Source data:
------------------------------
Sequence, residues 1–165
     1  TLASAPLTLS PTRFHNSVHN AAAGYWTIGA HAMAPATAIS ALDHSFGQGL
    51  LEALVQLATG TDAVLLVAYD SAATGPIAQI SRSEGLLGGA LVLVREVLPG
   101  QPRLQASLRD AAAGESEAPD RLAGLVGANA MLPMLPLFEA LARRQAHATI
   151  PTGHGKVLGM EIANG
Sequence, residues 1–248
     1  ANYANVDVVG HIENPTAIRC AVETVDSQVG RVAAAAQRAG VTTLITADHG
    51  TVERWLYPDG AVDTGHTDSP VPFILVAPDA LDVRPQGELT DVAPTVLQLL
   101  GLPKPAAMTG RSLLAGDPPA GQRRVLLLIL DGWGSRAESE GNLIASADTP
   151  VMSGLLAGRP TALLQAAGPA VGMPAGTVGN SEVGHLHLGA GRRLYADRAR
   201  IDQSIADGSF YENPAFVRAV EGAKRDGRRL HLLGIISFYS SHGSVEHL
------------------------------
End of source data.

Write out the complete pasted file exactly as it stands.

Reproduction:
Sequence, residues 1–165
     1  TLASAPLTLS PTRFHNSVHN AAAGYWTIGA HAMAPATAIS ALDHSFGQGL
    51  LEALVQLATG TDAVLLVAYD SAATGPIAQI SRSEGLLGGA LVLVREVLPG
   101  QPRLQASLRD AAAGESEAPD RLAGLVGANA MLPMLPLFEA LARRQAHATI
   151  PTGHGKVLGM EIANG
Sequence, residues 1–248
     1  ANYANVDVVG HIENPTAIRC AVETVDSQVG RVAAAAQRAG VTTLITADHG
    51  TVERWLYPDG AVDTGHTDSP VPFILVAPDA LDVRPQGELT DVAPTVLQLL
   101  GLPKPAAMTG RSLLAGDPPA GQRRVLLLIL DGWGSRAESE GNLIASADTP
   151  VMSGLLAGRP TALLQAAGPA VGMPAGTVGN SEVGHLHLGA GRRLYADRAR
   201  IDQSIADGSF YENPAFVRAV EGAKRDGRRL HLLGIISFYS SHGSVEHL